Be Known: Ancient / Future / Music Review – A Masterpiece by Jazz Masters


Chicago percussionist Kahil El’Zabar; photo by David W. Johnson

Chicago percussionist Kahil El’Zabar is part of a long, proud history of influential Chicago musicians, performers and composers.  During the 1970’s, El’Zabar was the chairman of the legendary Association for the Advancement of Creative Musicians (AACM).  The AACM is the pioneering experimental jazz collective that was started here in Chicago half a century ago.  The group, always changing but never settling for conventions, pushed jazz music forward and inspired many, many well-known jazz musicians.  

Also, in the Seventies, El’Zabar formed The Ethnic Heritage Ensemble.  The group has been together, in various forms, since then performing all over the world.  The group’s latest album Be Known: Ancient / Future / Music on Spiritmuse Records was released in May of 2019.

The Ethnic Heritage Ensemble’s music “seeks to spark a time in which heightened sensibility and higher consciousness will universally be known”.  This is evident on this hour and a half long double-album that is packed with music that makes you think and makes you groove.

Ethnic Heritage Ensemble, Photo: Jim Quatrokki

The line-up on this record starts with Kahil El’Zabar on vocals, thumb piano, drums and percussion.  He is joined by Corey Wilkes on trumpet, Alex Harding on baritone sax, and Ian Maksin on cello.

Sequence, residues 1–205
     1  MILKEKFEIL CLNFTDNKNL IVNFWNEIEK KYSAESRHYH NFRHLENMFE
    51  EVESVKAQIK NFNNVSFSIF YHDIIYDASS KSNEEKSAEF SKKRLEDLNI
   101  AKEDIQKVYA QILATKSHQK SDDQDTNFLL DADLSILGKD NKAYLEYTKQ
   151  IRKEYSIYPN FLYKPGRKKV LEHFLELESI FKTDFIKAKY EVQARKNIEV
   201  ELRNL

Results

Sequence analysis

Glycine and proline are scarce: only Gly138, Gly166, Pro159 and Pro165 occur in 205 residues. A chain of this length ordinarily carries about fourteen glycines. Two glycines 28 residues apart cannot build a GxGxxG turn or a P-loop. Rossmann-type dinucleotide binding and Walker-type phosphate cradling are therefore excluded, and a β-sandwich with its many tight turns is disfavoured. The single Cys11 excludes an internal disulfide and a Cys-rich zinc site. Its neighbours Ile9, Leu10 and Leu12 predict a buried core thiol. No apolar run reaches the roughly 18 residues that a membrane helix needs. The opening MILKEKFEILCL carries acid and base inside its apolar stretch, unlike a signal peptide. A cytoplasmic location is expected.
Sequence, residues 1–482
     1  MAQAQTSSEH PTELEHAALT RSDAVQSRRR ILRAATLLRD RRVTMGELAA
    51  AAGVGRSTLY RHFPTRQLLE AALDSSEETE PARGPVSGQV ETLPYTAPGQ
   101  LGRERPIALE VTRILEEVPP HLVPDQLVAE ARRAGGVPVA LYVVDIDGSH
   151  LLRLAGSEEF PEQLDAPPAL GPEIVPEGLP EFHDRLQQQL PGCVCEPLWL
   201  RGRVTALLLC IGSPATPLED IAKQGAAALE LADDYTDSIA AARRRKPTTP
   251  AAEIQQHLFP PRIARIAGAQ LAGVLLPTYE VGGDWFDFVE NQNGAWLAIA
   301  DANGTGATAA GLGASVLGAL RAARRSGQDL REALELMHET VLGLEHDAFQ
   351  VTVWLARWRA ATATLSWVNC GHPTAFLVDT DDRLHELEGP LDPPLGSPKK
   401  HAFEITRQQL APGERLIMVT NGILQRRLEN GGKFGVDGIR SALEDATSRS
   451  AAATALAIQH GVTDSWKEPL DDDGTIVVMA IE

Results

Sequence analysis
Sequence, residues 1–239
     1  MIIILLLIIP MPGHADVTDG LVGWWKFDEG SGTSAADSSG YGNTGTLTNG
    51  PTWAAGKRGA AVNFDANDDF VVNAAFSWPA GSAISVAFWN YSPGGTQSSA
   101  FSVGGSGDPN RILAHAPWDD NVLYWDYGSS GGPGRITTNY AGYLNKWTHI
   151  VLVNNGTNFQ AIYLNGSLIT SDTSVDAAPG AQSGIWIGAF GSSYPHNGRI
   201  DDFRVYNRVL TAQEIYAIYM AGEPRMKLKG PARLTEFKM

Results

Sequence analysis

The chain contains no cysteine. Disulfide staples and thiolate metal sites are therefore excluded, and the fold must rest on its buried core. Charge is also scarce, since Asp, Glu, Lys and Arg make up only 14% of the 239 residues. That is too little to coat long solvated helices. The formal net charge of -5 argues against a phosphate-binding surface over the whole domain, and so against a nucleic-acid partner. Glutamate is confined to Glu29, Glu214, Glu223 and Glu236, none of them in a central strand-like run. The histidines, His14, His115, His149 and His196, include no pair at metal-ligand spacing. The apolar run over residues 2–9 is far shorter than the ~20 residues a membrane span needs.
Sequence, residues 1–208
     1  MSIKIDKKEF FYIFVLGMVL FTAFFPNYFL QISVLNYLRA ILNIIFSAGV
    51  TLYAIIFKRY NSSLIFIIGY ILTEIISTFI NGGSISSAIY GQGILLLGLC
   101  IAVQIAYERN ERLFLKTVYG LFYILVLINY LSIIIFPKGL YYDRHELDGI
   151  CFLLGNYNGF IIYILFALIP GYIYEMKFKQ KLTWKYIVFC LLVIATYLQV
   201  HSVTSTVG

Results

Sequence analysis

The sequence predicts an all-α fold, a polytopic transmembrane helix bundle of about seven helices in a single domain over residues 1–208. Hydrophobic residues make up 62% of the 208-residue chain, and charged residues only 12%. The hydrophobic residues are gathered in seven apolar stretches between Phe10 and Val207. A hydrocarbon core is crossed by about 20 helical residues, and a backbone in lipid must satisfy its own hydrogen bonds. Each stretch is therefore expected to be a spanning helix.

The album is a lesson on the interconnections of jazz and Afro-centric spiritual music.  The rhythms are traditional African rhythms and played on traditional African drums.  Complex cross rhythms and syncopations can readily be heard on this album.  It takes jazz all the way back to its roots in Africa.

During the song, Wish I Knew, the drumming is best heard with earphones as each ear hears a different drum pattern.  It is almost hypnotic.  

Corey Wilkes, also a Chicago Native,
cross-pollenates musical genres;
photo by Duane Savage

The bridge to modern times is Corey Wilkes, also a Chicago Native, and his horn playing.  His soulful notes can be heard gracing a variety of contemporary projects, including Hip Hop artists like DJ Logic.  That cross-pollenating of musical genres only strengthens his performance on this album by allowing his unique sensibilities to influence this work. 

If you want to listen to the massive talents of all these men, listen to the song Blew It.  It begins with Alex Hardings’ inspiring baritone sax performance and then Ian Maksin comes in with a perfectly timed cello solo, which sounds otherworldly.  Just when you thought it couldn’t get better, Wilkes’ trumpet takes over for a riveting solo and El’Zabar brings it home with the drums.  If you only listen to one song on the album, makes sure it’s this one as it showcases the best of the talent of these artists.

El’Zabar vocals are what really stand out on this album (and especially on the songs Black is Back and Pharaoh). They have an open tone and are natural.  Some would call them grunting – a non-language speech that everyone in the world understands.  The vocals raw, emotional and enthralling.  

Which leads to the sprit spiritual nature to the album that is, at times, hard to pin down.  Meaning, it is not overt or in your face – nothing on this record is.  It’s just sort of there.  You put this album on and it takes you to another place.  At times it feels like you are in transported back 400 years ago listening to drum beats under the stars, other times you are in a small jazz club surrounded by your best friends.  But at all times you feel like the music you are listening to is important because you are having the time of your life.

More about the Ethnic Heritage Ensemble

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